As one of the architects of the crowdfunding reforms that became the “Jobs Act,” signed into law by President Obama in April 2012, economist Michael Shuman has a backstage pass to America’s economic development strategy.
He’s a particularly strong advocate for cities turning their economic strategies inward. Not just through buy local initiatives, but some key investments that catalyze growth, such as “pollinator” businesses.
Before he speaks at our Local Economy Solutions event, we asked for an intro to some of his major positions, as well as his thoughts on NAFTA and the Trump administration.
The Winnipeg Chamber: What’s your elevator-pitch of a “pollinator” business?
Michael Shuman: A pollinator is a self-financing economic development program. Rather than ask City Council for $100,000 to launch a “buy local” campaign, a pollinator approach might seek to start a local loyalty card. Pollinators enable economic development to accomplish more for less money.
WC: Winnipeg and Manitoba are particularly dependent on cross-border trade. Does the economic shift you’re suggesting lower the dependence on trade, particularly as we observe fraught NAFTA negotiations?
MS: Trade only makes sense when you cannot produce goods and services cost-effectively for yourself, and local economic development helps a community identify all the opportunities for cost-effective import substitution.
The goal is not disengaging from trade, however, but to improve the value-adding character of trade. As the late Jane Jacobs argued, an economic strategy promoting import-substituting businesses turns out to be the best way to develop exports.
Suppose North Dakota wished to replace imports of electricity with local wind-electricity generators. Once it built windmills, it would be self-reliant on electricity but dependent on outside supplies of windmills. If it set up its own windmill industry, it would then become dependent on outside supplies of machine parts and metal.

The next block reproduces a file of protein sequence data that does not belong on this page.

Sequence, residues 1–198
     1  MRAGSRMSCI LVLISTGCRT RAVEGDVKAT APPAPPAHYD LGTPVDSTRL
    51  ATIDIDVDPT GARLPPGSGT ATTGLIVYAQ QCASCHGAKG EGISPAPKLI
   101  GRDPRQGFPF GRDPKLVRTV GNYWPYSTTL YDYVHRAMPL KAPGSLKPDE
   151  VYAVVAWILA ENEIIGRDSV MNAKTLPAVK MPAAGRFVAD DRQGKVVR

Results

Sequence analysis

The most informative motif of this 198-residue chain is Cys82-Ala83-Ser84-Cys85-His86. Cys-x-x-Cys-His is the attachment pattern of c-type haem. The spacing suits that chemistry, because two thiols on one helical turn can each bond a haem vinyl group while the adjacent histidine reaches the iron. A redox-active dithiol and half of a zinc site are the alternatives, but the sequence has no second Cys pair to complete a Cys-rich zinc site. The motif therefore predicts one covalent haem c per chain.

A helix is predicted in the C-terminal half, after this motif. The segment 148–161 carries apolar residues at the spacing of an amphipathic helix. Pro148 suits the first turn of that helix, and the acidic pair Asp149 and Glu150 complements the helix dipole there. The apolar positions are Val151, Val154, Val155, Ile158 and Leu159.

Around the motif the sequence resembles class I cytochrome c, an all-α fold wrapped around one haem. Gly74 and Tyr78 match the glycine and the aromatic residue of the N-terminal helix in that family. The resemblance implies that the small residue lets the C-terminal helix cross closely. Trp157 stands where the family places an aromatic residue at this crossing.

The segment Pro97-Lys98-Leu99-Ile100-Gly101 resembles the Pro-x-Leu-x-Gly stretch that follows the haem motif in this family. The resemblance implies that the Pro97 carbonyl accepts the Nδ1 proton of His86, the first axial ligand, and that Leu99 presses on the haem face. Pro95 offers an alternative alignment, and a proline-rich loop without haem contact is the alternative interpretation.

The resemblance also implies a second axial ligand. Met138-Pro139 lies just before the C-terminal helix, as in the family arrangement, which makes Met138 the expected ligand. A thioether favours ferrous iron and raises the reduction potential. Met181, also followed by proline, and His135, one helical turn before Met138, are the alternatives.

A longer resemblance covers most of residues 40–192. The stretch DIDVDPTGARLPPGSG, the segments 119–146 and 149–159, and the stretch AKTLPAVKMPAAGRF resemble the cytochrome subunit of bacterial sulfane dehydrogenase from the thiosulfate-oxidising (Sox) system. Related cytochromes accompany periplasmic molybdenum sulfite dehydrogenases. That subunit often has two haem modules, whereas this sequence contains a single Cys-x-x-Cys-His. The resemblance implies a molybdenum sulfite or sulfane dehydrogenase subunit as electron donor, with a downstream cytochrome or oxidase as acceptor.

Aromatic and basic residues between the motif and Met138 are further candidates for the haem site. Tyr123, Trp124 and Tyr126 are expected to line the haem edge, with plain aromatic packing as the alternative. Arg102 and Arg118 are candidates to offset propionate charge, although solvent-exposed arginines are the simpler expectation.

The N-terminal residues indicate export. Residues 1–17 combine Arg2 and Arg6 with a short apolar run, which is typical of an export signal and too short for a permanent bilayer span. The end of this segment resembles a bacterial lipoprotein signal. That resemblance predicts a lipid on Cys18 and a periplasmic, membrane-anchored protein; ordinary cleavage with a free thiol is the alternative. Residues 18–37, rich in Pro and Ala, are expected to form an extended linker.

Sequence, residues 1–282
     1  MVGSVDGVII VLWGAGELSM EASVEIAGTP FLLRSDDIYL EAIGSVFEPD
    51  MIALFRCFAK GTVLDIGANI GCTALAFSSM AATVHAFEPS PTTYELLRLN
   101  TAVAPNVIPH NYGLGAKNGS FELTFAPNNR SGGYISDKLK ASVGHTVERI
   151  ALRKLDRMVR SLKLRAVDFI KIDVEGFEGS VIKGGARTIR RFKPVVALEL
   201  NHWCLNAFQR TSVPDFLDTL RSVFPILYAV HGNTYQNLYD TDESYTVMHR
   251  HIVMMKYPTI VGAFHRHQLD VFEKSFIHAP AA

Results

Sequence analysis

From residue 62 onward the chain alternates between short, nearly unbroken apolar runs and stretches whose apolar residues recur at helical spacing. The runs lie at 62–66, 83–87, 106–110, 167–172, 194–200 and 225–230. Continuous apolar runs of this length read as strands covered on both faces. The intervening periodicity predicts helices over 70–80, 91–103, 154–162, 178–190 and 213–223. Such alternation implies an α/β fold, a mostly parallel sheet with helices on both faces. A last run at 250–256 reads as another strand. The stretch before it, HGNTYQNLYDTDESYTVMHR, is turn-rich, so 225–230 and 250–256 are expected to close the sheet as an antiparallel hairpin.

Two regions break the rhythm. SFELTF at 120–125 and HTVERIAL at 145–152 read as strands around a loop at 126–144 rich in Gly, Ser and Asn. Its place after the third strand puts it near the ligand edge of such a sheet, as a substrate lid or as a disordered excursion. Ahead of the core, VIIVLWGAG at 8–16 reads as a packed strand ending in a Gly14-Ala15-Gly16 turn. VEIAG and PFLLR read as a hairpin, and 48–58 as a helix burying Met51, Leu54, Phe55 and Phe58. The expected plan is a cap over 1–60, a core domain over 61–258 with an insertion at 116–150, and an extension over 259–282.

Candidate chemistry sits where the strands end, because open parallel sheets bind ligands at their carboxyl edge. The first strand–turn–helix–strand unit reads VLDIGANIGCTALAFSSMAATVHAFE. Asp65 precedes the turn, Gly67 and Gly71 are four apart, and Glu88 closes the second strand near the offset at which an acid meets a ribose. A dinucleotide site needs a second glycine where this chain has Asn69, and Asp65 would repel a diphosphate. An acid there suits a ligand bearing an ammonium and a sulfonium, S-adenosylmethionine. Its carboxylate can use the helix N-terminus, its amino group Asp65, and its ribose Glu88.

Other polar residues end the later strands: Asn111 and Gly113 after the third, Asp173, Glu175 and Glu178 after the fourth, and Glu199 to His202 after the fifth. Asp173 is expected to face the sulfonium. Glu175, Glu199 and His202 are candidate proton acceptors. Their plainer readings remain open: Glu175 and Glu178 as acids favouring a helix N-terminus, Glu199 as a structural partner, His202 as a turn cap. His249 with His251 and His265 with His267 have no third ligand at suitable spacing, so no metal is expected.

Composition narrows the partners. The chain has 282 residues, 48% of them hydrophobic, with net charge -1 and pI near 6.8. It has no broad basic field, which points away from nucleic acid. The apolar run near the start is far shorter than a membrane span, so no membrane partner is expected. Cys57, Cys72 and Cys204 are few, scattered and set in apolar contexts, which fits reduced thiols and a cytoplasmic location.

This process of substitution never ends, but it does leave North Dakota with several new industries – in electricity, windmills, machines parts, and metal fabrication – that are poised to meet not only local needs but also export markets. But instead of putting all of a community’s enterprise eggs in one export-oriented basket that leaves the local economy vulnerable to fluctuating global markets, import substitution develops myriad small businesses, grounded (initially at least) in diversified local markets, many of which then becoming exporters.
WC: There’s a lot of rhetoric from the Trump administration on keeping jobs in America, particularly in manufacturing. Are they supportive (as much as a federal government can be) of the shift to local economies that you advocate for?
The Trump Administration’s policies are, frankly, a work in progress, filled with contradictions, and its trade policies are particularly immature. There’s also been no significant local economy piece of legislation or policy making that the Administration thus far has put forward or opposed.
But I’ve personally had conversations with many people in the government who see potential synergy with the local economy movement. Local First is just a more specific variant to America First. Entrepreneurship is favoured more by Republicans than Democrats. And there’s growing interest throughout government to apply recently legalized tools for grassroots investing to support local businesses.
WC: We often hear from our business members that lack of access to capital is a critical roadblock. Can you point to any examples of regions who made big strides in improving access? How did they do it?
MS: I would point to three Canadian provinces that have made significant strides: Alberta, through investment cooperatives; Nova Scotia, through Community Economic Development Investment Funds (CEDIFs), and New Brunswick (which now gives local investors a 50% provincial tax credit for investments over $1,000).
WC: What question do you wish audiences would ask you?
MS: What would it take to convince you to become a Canadian citizen?